Laura Lundquist

(Missoula Current) To save a threatened pine species, researchers are hoping they can mimic the seed-spreading success of birds.

Last week, the National Park Service signed a five-year agreement with the nonprofit American Forests to help restore whitebark pine throughout the western U.S. But they’re giving particular emphasis to work in three national parks in the northern Rocky Mountains: Glacier, Yellowstone and Grand Teton.

For eons, whitebark pine stands have survived in harsh alpine environments where the elements kept most herbivores at bay. But in summer, when the days were warm, birds - specifically Clark’s nutcrackers - ventured to the high country to scrounge protein-rich whitebark pine seeds, not just for an immediate snack but also to squirrel away in seed caches for the future.

This was not only good for the birds, but also for the trees, because here and there, a few seeds or even caches would be forgotten, leading to the sprouting of new seedlings. Thus, whitebark pine could spread into new territory.

But in recent decades, bugs and fungus enabled by climate change have reduced many green groves to needle-less gray ghosts. Longer summers nurtured a mountain pine beetle outbreak in the mid-2000s that decimated whitebark pine in the greater Yellowstone ecosystem. Beetles didn’t make it as far north as Glacier Park, but a non-native fungus, white pine blister rust, had invaded from the West Coast and was slowly infecting the whitebark pine of Glacier Park.

Dawn LaFleur, Glacier National Park vegetation program manager, said an estimated 44% of the whitebark pine in Glacier Park had died from blister rust by 1996. Almost 80% of the remaining trees showed signs of blister-rust infection.

“That was the big concern. They were worried that if it kept going, we might lose all of the whitebark pine,” LaFleur said. “What we’ve learned since then is that we have these resistant trees.”

Researchers noticed that some trees didn’t die after getting infected with blister rust. They started collecting seeds from these “plus” trees in 1998 and using them to grow seedlings, which were also resistant to blister rust so there was a genetic component.

Since 2000, Glacier National Park has planted about 26,000 blister-rust resistant seedlings, hoping to restore the whitebark population. They focused their planting efforts in the higher burned areas of recent wildfires, because the little seedlings wouldn’t have to compete with other trees for resources. But there was a learning curve. You can’t just plunk a seedling in the ground and have it survive.

“When we started in 2000, they didn’t do well at all. It was a pretty low success rate - after about five years, we had 34% survival,” LaFleur said. “We’ve learned to tweak it and create microsites that the seedlings like. There’s a lot of effort in terms of monitoring to see what works, what conditions work the best for little seedlings. But, now, we’re in the high 90% of survival after the first two or three years. Overall, 64% of seedlings planted over the past two decades are still going.”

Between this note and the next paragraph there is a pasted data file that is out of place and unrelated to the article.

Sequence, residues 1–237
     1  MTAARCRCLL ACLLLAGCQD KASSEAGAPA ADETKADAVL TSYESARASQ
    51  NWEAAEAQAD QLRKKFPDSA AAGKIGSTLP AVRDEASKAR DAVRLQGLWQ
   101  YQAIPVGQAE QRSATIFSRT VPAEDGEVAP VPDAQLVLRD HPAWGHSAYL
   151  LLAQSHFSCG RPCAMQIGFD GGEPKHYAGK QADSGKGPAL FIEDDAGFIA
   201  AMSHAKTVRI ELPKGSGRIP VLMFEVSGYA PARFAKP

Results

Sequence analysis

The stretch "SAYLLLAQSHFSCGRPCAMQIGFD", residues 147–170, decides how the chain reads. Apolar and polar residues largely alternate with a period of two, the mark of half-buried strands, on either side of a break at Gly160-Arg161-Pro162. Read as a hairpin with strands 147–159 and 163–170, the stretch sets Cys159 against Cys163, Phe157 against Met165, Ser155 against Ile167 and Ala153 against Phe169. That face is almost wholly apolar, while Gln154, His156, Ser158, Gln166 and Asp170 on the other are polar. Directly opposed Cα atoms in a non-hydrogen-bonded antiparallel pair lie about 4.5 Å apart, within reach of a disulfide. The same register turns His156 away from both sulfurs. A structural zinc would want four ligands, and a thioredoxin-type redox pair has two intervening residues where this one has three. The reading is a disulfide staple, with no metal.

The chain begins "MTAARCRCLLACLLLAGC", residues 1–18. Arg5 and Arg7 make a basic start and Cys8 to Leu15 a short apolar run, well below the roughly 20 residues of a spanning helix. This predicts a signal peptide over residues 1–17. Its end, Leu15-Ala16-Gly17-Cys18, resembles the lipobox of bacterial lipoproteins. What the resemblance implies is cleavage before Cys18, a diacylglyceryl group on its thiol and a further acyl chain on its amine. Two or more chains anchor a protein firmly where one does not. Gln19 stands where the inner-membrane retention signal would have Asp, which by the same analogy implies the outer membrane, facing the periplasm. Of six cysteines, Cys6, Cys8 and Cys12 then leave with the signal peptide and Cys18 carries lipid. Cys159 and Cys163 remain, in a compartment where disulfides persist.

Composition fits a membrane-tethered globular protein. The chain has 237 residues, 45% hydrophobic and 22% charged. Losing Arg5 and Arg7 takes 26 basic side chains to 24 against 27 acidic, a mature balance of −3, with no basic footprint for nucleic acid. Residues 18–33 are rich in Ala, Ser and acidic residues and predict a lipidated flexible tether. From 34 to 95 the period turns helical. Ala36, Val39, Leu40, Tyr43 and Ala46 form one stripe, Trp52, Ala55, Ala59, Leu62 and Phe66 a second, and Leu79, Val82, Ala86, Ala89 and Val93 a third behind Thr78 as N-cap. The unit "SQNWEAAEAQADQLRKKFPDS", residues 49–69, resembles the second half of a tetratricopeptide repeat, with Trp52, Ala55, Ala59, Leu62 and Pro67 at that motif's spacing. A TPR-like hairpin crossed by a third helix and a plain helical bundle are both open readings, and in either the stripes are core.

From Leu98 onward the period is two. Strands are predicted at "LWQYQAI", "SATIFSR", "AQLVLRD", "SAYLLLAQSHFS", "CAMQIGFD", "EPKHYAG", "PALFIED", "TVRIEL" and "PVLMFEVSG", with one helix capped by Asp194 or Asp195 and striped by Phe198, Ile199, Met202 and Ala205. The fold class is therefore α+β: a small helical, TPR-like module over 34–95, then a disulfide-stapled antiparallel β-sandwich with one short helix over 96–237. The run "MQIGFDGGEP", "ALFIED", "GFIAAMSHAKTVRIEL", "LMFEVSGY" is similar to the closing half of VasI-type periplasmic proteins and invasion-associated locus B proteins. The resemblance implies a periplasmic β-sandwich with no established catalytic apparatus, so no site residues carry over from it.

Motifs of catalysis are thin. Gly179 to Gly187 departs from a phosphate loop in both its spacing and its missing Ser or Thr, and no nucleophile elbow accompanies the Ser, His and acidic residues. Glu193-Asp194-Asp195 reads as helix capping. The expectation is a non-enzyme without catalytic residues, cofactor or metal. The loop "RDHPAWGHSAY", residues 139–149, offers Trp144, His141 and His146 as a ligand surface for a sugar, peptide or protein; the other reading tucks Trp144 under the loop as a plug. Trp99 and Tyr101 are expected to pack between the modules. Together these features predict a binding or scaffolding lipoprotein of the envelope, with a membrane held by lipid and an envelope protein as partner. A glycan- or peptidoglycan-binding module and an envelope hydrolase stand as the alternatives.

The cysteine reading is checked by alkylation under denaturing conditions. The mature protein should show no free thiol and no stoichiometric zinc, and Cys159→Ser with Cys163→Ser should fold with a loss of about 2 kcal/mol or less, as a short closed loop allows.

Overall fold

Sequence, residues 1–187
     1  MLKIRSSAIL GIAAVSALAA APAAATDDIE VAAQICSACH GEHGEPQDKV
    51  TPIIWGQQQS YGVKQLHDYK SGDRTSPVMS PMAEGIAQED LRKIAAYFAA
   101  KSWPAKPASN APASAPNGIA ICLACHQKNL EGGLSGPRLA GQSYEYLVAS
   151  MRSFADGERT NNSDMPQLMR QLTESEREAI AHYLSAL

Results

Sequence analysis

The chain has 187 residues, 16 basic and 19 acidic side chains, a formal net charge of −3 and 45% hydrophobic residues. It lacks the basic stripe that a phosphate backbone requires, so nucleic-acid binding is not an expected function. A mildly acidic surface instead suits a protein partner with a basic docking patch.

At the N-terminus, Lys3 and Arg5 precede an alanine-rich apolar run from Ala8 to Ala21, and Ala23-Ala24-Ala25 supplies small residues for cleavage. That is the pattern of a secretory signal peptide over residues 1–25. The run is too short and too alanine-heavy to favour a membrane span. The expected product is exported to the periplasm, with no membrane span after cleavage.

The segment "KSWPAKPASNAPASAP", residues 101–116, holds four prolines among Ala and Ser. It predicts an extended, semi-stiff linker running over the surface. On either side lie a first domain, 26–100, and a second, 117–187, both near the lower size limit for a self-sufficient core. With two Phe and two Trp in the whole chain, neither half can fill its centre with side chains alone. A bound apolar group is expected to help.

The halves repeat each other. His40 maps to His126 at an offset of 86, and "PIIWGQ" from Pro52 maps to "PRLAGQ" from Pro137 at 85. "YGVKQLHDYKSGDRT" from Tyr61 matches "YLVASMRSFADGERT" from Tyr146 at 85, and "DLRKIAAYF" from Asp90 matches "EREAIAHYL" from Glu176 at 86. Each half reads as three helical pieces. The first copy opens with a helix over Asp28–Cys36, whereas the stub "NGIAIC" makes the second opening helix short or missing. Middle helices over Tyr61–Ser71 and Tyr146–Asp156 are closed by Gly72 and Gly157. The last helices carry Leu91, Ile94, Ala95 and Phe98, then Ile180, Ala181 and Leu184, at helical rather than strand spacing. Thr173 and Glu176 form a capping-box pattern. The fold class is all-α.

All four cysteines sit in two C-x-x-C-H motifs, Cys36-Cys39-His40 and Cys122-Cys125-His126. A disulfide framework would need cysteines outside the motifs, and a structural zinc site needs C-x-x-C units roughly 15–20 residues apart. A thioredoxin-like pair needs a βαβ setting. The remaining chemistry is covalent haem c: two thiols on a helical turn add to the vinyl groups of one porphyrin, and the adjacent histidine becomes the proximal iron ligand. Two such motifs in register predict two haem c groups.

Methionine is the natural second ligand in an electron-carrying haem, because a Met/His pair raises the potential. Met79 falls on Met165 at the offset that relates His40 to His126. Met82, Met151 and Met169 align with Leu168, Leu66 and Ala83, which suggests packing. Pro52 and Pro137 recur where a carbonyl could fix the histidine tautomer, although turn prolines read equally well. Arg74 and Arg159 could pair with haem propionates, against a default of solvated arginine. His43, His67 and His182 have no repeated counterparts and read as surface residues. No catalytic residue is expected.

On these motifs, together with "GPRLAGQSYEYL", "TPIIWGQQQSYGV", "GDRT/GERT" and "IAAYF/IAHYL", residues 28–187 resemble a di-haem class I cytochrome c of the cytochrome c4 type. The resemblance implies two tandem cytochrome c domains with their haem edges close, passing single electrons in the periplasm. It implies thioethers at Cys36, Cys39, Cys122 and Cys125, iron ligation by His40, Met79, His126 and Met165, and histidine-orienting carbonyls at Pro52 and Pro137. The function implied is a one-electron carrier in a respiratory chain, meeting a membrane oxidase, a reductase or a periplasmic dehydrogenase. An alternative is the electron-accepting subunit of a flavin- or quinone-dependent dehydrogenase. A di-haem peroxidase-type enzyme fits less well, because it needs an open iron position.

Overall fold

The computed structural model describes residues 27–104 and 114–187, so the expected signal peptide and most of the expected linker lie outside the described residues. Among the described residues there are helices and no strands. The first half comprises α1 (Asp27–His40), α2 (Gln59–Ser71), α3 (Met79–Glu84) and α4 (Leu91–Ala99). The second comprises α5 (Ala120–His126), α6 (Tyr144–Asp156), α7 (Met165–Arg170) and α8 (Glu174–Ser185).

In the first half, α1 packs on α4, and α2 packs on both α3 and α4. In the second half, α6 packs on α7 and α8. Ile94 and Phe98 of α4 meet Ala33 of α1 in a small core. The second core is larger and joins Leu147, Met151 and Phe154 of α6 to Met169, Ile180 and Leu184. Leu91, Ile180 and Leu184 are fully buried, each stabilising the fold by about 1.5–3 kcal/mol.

But seedlings aren’t cheap.

Seedlings have to grow in a nursery for three years before they’re strong enough to plant. Then there’s the cost of labor to plant the seedlings, and in national parks, seedlings have to be carried into remote areas by mules.

When looking for less costly alternatives, researchers turned to the Clark’s nutcracker. A decade ago, University of Colorado graduate student Elizabeth Pansing experimented with just planting the seeds directly in Glacier Park and just outside Yellowstone Park. It went well near Yellowstone but poorly in Glacier.

Now with some new funding and a new partnership, LaFleur is trying it again in Glacier.

In fiscal year 2023, $44 million from the federal Inflation Reduction Act was tagged to meet critical ecosystem resilience, restoration and environmental planning needs for the National Park Service. Then, more impetus was added in December when the U.S. Fish and Wildlife Service designated whitebark pine as a threatened species due to climate change.

So, a few weeks ago, LaFleur and her colleagues created whitebark pine seed “caches” at 181 sites in the park, leaving two seeds per site and noting each location on their GPS. With the help of the Whitebark Pine Ecosystem Foundation, they’ve mapped various physical characteristics throughout the park - soil moisture, slope angle, elevation - to better identify core habitat for whitebark pine. They used the maps to select optimal seed sites, so LaFleur is hopeful that they’ll get better results this time.

They’ll return to the sites over the next three years to see if anything pops up. In the meantime, they’ll create more caches over the next two years and monitor those to fill out the five-year agreement.

“We’re trying it again, really focusing more on those core habitat areas. It’s experimental,” LaFleur said. “It may also be more cost effective. If you carry 3 pounds of seed, that’s a lot easier.”

Similar studies are being conducted in Yellowstone and Grand Teton parks, although those parks may be facing a greater threat from mountain pine beetles. Researchers in the Greater Yellowstone ecosystem have been reporting signs that another outbreak may be imminent.

Contact reporter Laura Lundquist at